But I'm talking about even MORE subtle things - which Name of God you use, whether you turn clockwise or counter-clockwise, bow to the ground or just nod your head. It's like whether you use silverware or not when eating Pizza!  The POINT is to get the pizza into your mouth - NOT HOW you got it there!

Tolstoy tells a famous story known as The Three Hermits.  In extremely shortened form goes something like this:
There were three hermits who lived on an island, and had become quite famous as saints. The local bishop came to visit them, and  asked them about their spiritual practices. 
The hermits told him, "We simply pray, 'Lord, you are three, we are three, have mercy on us.'"  The bishop thought this was totally unsatisfactory and not in line with the church, and so spent some time teaching them the proper liturgies and prayers. 
The bishop leaves the island, and having traveled some distance from the island in his boat, soon sees a glowing light coming toward him, which turns out to be the three hermit brothers running ACROSS the water!  
"Father, father," they cry, "we have forgotten the prayers that you taught us." 
"No worry," says the bishop, "Our father hears your prayers. Please pray for me, a sinner!"

I love these stories of the simplicity of loving God.  I have many friends and acquaintences who like to delve deeply into extremely esoteric aspects of the Vedic and Gaudiya philosophies, and, in the past, I was much more enthusiastic to do such things myself.  But as I get 'longer in the tooth', though I still like to dabble, my real loves are the most simplistic - chanting one mantra, and reading one book.  For me, those are the Hare Krsna Mahamantra - Hare Krsna Hare Krsna Krsna Ksna Hare Hare Hare Rama Hare Rama Rama Rama Hare Hare;  and the one book - Bhagavad Gita.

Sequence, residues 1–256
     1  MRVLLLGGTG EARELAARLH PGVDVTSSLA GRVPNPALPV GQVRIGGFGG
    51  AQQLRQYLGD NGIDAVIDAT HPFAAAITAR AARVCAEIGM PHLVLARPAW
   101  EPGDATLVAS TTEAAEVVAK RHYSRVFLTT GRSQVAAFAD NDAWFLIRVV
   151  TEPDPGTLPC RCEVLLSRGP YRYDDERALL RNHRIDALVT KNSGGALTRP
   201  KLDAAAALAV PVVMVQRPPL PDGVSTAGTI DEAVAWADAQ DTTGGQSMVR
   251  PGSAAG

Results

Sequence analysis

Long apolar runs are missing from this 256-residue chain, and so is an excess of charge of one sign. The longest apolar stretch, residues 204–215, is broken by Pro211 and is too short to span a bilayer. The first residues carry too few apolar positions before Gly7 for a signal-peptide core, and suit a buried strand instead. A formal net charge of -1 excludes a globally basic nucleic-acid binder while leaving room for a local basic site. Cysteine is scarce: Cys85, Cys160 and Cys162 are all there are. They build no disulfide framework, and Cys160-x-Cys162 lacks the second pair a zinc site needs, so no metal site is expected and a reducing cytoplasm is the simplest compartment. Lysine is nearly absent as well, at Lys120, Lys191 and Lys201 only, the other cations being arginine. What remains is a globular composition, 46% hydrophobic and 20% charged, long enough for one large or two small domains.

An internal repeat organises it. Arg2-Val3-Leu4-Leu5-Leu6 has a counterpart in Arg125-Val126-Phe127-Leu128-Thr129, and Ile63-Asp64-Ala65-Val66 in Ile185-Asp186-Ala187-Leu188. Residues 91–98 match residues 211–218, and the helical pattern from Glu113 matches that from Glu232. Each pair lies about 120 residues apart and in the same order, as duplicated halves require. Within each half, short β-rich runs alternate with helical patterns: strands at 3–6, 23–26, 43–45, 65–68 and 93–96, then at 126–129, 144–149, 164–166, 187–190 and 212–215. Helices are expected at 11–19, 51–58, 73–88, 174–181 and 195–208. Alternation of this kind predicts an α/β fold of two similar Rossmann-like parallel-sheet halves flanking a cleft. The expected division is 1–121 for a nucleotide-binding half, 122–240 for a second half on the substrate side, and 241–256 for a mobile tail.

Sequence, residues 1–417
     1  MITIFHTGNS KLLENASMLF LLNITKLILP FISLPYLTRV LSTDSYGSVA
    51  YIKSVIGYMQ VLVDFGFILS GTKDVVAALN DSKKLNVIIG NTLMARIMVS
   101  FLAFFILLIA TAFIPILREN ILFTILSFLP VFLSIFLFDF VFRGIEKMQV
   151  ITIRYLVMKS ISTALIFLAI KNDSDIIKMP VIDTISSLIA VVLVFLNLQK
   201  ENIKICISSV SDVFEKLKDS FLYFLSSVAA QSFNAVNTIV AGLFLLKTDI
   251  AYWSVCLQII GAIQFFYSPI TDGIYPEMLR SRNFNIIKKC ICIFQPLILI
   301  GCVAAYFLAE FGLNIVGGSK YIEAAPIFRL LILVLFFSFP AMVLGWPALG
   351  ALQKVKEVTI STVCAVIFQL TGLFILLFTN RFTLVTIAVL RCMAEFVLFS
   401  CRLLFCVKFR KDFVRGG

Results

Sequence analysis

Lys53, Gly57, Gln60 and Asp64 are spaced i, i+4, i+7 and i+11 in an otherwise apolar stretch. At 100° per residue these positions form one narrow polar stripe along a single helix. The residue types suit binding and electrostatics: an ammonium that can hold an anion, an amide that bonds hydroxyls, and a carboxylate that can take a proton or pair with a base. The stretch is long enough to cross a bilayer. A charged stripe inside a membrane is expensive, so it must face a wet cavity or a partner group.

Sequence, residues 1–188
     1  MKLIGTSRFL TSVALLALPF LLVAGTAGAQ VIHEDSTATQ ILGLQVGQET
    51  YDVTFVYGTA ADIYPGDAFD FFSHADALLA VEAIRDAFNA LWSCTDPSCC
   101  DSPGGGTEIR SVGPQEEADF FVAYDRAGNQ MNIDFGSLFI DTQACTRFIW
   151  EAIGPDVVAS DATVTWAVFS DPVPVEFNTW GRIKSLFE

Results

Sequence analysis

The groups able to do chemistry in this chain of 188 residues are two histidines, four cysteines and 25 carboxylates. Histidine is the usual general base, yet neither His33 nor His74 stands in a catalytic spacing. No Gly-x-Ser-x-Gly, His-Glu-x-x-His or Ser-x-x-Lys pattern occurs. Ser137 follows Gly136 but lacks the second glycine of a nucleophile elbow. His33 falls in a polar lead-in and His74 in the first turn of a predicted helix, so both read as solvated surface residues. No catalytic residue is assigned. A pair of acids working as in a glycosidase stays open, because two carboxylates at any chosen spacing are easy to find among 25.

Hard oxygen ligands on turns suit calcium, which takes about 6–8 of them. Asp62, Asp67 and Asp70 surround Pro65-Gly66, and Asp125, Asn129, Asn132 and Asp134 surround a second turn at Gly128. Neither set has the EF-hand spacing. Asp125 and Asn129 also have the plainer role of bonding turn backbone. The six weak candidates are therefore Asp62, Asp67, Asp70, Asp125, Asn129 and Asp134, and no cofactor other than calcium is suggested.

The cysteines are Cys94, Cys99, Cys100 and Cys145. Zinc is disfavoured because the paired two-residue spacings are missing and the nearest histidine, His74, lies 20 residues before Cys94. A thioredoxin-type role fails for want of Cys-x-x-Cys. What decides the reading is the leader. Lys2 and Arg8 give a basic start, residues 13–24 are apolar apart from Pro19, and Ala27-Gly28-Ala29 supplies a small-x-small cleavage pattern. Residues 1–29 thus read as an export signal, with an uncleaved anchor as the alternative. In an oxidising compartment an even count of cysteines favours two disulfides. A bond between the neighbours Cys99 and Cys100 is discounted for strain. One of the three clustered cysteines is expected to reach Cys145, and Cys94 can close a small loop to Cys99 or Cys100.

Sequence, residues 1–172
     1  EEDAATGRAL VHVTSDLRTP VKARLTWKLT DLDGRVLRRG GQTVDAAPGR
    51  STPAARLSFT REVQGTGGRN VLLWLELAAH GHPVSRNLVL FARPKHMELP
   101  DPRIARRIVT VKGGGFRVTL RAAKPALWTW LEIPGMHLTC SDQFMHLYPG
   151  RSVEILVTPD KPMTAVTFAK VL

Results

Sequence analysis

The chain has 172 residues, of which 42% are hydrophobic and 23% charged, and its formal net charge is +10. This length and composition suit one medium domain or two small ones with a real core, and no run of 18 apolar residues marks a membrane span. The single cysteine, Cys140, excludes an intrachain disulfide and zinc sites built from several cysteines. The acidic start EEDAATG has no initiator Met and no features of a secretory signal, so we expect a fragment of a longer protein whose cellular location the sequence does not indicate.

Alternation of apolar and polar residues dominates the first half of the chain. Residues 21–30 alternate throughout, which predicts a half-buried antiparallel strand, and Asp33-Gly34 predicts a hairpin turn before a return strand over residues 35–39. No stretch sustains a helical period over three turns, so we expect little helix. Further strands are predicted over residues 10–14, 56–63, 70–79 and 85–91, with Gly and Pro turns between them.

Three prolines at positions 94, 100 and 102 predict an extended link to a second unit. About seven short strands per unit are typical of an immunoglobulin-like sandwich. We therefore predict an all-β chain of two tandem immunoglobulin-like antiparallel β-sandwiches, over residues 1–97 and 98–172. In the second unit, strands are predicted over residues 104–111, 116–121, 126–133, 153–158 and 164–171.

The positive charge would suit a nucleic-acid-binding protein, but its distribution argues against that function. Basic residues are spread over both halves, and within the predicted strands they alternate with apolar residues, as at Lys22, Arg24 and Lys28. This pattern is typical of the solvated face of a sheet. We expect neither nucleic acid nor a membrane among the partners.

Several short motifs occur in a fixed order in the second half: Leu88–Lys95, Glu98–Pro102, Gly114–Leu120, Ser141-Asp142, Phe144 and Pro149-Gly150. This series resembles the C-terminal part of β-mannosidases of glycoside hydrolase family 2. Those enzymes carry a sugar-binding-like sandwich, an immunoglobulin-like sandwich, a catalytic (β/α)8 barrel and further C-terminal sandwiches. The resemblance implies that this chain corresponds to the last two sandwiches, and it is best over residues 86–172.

While, truthfully, I am slightly envious of those who have the mental and intellectual power to remember vast numbers of verses and repeat stories throughout the night, for the most part, I am increasingly contented to simply delve into those two things - mantra and Gita - and find that there are universes of truth and love in just those.  Or, as others have said, "Better to dig ONE hole, ten feet deep, than TEN holes, one foot deep." 

In our Gaudiya tradition, we revere a man by the name of Srila Haridas Thakur, a moslem by birth, who was so dedicated to the chanting of the Holy Names, chanting 300,000 names daily, that he is referred to as Nama-Acharya - The Teacher of the Holy Names. We know very little about him. I don't know if we even are aware of whether he could read or write - but he is famous, because he chanted the names of God - day and night! 

Or there is a story that when Lord Caitanya traveled through South India, he came across a brahman in the temple who was holding Bhagavad Gita, upside down, and tears were flowing from his eyes, while others laughed at him.  When asked, he explained that his guru told him to read Bhagavad Gita, but he did not know HOW to read, so he simply held the book and thought of the mercy of Lord Krsna in instructing Arjuna and his heart burst open with love.